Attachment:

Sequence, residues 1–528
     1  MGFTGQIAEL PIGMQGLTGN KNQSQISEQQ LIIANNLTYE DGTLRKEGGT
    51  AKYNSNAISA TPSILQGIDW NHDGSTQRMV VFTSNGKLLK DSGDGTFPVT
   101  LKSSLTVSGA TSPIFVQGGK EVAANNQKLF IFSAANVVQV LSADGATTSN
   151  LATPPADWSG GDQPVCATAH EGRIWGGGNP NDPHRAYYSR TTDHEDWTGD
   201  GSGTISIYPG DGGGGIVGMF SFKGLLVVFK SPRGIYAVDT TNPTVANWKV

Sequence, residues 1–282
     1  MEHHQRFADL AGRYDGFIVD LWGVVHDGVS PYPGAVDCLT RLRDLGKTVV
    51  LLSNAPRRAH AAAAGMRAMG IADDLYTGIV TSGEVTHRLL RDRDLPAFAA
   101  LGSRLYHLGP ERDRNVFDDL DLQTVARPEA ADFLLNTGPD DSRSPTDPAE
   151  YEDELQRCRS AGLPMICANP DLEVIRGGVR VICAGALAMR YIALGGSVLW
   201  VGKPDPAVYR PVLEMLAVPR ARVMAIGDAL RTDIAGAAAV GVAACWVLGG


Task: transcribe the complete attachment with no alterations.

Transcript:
Sequence, residues 1–528
     1  MGFTGQIAEL PIGMQGLTGN KNQSQISEQQ LIIANNLTYE DGTLRKEGGT
    51  AKYNSNAISA TPSILQGIDW NHDGSTQRMV VFTSNGKLLK DSGDGTFPVT
   101  LKSSLTVSGA TSPIFVQGGK EVAANNQKLF IFSAANVVQV LSADGATTSN
   151  LATPPADWSG GDQPVCATAH EGRIWGGGNP NDPHRAYYSR TTDHEDWTGD
   201  GSGTISIYPG DGGGGIVGMF SFKGLLVVFK SPRGIYAVDT TNPTVANWKV

Sequence, residues 1–282
     1  MEHHQRFADL AGRYDGFIVD LWGVVHDGVS PYPGAVDCLT RLRDLGKTVV
    51  LLSNAPRRAH AAAAGMRAMG IADDLYTGIV TSGEVTHRLL RDRDLPAFAA
   101  LGSRLYHLGP ERDRNVFDDL DLQTVARPEA ADFLLNTGPD DSRSPTDPAE
   151  YEDELQRCRS AGLPMICANP DLEVIRGGVR VICAGALAMR YIALGGSVLW
   201  VGKPDPAVYR PVLEMLAVPR ARVMAIGDAL RTDIAGAAAV GVAACWVLGG